Tim Cutler’s essay, “Cryptic Audiodiversity and the Dissonant Perfect Unison,” undertakes a brief examination of musical genetics, particularly in regards to a species of dissonant perfect unison whose behavior can be unpredictable.

Models of harmonic activity and their manifestations in Björk’s 2004 all-vocal album Medúlla are the focus of Victoria Malawey’s article, “Harmonic Stasis and Oscillation in Björk’s Medúlla.”

Ed Martin discusses the chaconne-like organization of dodecaphonic chords in Magnus Lindberg’s Twine (1988) for solo piano. Martin’s article is entitled: “Harmonic Progression in Magnus Lindberg’s Twine.”

Susan McClary’s impressive 2009 SMT keynote address (Montreal meeting) can also be read in volume 16.1: “In Praise of Contingency: The Powers and Limits of Theory.”

Dmitri Tymoczko’s “Geometrical Methods in Recent Music Theory” provides thoughtful commentary inspired by Joti Rockwell’s recent article, “Birdcage Flights: A Perspective on Inter-Cardinality Voice Leading” (MTO 15.5, 2009).

Finally, Ken Stephenson provides a useful review of Kevin Holm-Hudson’s 2008 book, Genesis and “The Lamb Lies Down On Broadway.”

As always, we would like to encourage new and creative submissions to MTO. Although we are uniquely suited for the publication of articles that incorporate recordings, videos, and other media, we also welcome submissions in any number of formats, including full-length articles, shorter commentaries, and entire special volumes. We are also developing a new feature, “analytical essays,” which would include brief, but high quality, analyses of single works, using appropriately targeted media.

Comments in response to this issue’s articles may be submitted to the Editor for publication in the next issue. Also, please refer to our new submission guidelines, if you are interested in submitting.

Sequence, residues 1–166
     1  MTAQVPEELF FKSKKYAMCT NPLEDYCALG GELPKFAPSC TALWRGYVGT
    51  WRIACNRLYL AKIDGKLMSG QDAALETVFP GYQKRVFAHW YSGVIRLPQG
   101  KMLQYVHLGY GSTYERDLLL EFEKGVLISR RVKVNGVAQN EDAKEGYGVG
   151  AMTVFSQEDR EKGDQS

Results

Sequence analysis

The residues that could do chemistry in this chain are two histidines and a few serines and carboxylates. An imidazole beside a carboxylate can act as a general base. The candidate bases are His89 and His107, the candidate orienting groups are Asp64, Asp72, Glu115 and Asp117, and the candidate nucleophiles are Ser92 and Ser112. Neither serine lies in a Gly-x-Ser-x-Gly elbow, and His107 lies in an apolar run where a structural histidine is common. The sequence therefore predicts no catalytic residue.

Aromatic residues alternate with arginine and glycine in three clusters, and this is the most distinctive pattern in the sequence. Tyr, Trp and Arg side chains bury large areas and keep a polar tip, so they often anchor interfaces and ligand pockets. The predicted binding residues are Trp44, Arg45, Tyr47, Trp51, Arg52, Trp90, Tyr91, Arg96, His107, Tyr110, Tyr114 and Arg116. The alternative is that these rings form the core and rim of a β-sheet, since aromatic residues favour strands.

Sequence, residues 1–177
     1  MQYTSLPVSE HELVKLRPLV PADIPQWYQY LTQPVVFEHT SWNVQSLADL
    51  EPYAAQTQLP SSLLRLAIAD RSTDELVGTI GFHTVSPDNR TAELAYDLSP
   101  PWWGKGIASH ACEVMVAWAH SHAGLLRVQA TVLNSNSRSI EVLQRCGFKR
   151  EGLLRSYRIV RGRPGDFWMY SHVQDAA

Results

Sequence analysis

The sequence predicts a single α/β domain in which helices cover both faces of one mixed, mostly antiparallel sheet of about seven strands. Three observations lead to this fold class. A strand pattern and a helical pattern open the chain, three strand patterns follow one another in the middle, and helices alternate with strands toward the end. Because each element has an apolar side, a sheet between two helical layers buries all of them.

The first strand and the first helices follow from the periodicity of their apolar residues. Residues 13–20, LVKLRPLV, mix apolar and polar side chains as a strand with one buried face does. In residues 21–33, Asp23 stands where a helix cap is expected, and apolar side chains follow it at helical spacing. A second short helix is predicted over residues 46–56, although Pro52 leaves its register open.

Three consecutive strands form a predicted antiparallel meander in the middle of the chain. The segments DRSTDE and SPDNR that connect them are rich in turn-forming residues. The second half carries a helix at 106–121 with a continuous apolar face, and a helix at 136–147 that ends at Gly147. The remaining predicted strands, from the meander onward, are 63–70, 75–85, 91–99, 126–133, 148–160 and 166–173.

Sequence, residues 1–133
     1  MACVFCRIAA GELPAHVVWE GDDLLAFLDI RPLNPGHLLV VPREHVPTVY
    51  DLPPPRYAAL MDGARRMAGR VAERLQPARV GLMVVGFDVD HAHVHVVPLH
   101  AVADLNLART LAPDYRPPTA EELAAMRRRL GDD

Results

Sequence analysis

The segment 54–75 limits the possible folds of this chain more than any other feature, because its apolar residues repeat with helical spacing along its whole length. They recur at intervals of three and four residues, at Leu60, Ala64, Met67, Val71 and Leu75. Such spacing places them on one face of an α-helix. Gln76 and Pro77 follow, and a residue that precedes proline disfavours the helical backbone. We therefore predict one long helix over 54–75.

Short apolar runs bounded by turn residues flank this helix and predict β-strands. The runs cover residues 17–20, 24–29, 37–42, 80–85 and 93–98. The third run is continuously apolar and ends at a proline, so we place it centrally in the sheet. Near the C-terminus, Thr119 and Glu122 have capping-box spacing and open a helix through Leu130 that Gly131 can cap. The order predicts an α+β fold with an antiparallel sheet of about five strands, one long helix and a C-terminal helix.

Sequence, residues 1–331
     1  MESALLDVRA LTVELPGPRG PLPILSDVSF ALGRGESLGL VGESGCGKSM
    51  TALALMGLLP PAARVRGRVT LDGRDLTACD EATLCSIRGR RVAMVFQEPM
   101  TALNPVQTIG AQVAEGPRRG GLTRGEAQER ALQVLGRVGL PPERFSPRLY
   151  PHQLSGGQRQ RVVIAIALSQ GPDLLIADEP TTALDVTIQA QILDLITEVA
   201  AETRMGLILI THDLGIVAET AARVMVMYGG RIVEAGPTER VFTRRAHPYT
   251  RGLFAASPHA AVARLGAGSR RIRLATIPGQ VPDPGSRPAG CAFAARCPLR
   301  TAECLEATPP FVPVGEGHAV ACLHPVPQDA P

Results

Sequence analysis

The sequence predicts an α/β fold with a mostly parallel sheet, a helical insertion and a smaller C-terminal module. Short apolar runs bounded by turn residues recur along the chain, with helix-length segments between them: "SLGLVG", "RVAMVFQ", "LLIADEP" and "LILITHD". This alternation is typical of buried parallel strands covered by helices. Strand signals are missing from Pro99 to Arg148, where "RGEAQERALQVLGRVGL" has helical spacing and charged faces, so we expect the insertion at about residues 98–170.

As mentioned before, we are grateful for the indefatigable work of the many people behind the scenes at MTO: Brent Yorgason, our managing editor; and all of our editorial assistants, Sean Atkinson (UT Arlington), William Guerin (Indiana University), Mitch Ohriner (Indiana University), Sarah Sarver (Florida State University), Fabrice Curtis (Florida State University), Gregory Decker (Florida State University), David Easley (Florida State University), Chelsey Hamm (Florida State University), Andrew Gades (Florida State University), Gregory McCandless (Florida State University), Judith Ofcarcik (Florida State University), Crystal Peebles (Florida State University), and Jennie Smith (Florida State University).

Our dynamic listings for job announcements, upcoming conferences, calls for papers, new dissertations, and new books are updated automatically as soon as we receive and approve any new listing. Readers can check the MTO listings at any time to find current information on recent announcements. We also have links for submitting announcements online.

All MTO volumes dating back to our first issue in 1993 can be accessed from the contents page at

Thank you, as always, for your support of MTO - a Journal of the Society for Music Theory.